In 1200 B.C.E., civilization was a highly complex interlocking network political and trade relationships among the Egyptian, Assyrian, Babylonian, Mycenaean, Mitanni, and Ugarit empires. Enormous trading ships, with culturally diverse passengers and cargo were used to exchange precious metals, artwork, clothing, food and spices to people in these different regions. The kings and queens of the different empires engaged in regular communication via stone tablets, negotiating alliances and political policy and updating each other on the news in their domains. Literacy among the upper classes was high, and people who survived early childhood often lived as long as people do today. Gigantic palaces were built, wealthy merchants complained when their shipment of gold did not seem pure enough upon arrival. By any standard of “complexity” of a civilization — the distance of trade routes, the sheer physical scale of art and architecture, the networks of interlocking political alliances and dependencies — the “Western World” was experiencing a golden age.

Two hundred years later, by 1000 B.C.E., that part of the world was populated by huddled clusters of poor cities that engaged in almost no trade, and artwork, architecture and literacy shrank to almost nothing. You can even do a quick glance over Wikipedia to get a feel for this pivotal point in time: the entry on Babylonia describes 1026 – 911 B.C.E. as a “period of chaos“; the years of the Hittite Empire are given as 1600 B.C.E. to 1178 B.C.E.; the years of Mycenaean Greece are given as 1600 B.C.E. to 1100 B.C.E.; the list goes on and on. Professor of Archaeology Colin Renfrew has noted that when civilizations undergo a complete system failure, they always exhibit four general symptoms: 1) the collapse of a global or central administrative system, 2) the disappearance of the traditional elite class, 3) the collapse of the system of economy, and 4) settlement shifts and population declines. All of these things happened, dramatically, in a span of two generations starting around 1200 B.C.E.

When we look at the evolution of civilization prior to the collapse (looking to the left of that first red arrow on our graph above), the world was not all peace and prosperity. Empires rose and fell, and there were disasters and famine and all sorts of cultural changes. But going all the way back to a pivotal point in the evolution of Western culture that you probably have heard of, the development of Hammurabi’s Code by King Hammurabi around 1800 B.C.E., there had not been such a massive reorganization of the cultural system in such a short period of time. Hammurabi’s kingdom didn’t outlast his death in 1750 B.C.E., but Babylonian culture endured. Even when the Hittites came in and sacked the city, and the Kassites came in and effectively took over Babylonia, they embraced many aspects of the original Babylonian culture and political system. The changes made by these transitions of power were evolutionary, not catastrophic.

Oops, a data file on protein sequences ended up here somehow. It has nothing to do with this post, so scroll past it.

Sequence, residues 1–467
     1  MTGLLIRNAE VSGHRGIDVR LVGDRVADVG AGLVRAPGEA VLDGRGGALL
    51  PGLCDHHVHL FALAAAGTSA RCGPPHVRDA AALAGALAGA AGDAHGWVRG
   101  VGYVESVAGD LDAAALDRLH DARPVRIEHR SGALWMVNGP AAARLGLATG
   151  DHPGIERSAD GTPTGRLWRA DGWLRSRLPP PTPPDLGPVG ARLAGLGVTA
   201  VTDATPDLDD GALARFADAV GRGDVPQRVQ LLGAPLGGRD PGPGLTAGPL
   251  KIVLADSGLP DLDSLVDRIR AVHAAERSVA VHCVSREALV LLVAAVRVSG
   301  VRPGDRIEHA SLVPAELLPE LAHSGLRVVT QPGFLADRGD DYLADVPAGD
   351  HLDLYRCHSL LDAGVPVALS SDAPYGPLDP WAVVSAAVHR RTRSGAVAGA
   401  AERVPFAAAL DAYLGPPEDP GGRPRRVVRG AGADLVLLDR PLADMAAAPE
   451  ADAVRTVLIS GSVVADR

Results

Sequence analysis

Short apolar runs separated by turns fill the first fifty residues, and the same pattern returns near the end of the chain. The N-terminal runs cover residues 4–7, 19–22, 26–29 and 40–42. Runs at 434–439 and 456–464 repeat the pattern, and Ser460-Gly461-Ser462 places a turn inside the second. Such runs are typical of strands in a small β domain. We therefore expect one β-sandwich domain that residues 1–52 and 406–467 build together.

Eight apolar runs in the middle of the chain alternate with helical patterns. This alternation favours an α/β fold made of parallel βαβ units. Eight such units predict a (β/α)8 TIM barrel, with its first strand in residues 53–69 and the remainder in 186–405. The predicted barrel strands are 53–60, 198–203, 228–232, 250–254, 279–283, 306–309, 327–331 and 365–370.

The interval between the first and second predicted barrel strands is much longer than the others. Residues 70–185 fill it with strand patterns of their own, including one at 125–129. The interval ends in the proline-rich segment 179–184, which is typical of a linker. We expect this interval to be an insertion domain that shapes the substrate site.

Over time, the collection of regional empires in the area developed into tightly interdependent political and economic mesh that grew both in geographic span and in the number of interdependent parts. Although historians have identified a number of contributing factors that likely destabilized the system toward the end, none of them can be given credit as the cause of the collapse. To date, the most coherent explanation is that there is no single cause, but that rather it was a total system failure: like a game of Jenga that has gone on too long, the system had grown to the point where there were simply no viable moves left to make.

It took about 700 years to get from Hammurabi’s innovative Babylonian legal code to total collapse of the region.

It would be another 900 years or so before the world saw the first stages of what would be the next great peak of civilization: the Roman Empire. Between 400 B.C.E. and 200 B.C.E. the Roman Republic is starting to achieve amazing innovations in technology and architecture: they have flowing water in their cities, they are developing a standardized system of roads, and they develop concrete and the well-known “Roman arches.” They even begin binding pages together into hide-bound books.

Then for the next 700 years or so that followed, their political and economic structure grows in size and complexity. Their military both enforced peace for hundreds of years, and enables expansive trade routes from Hispania to Babylonia, and from Armenia to Aegyptus.  But as if some kind of cosmic pendulum had reached the apogee of its swing, things started to crumble: wars, raids, and economic troubles that started around 400 C.E. would spiral out of control. In 476 C.E. Romulus, the last of the Roman emperors in the west, was overthrown by the Germanic leader Odoacer. And over the course of a few hundred years, the entire infrastructure of the Roman empire collapsed: literacy, trade, architecture, and international science and law shrank to almost nothing in the West.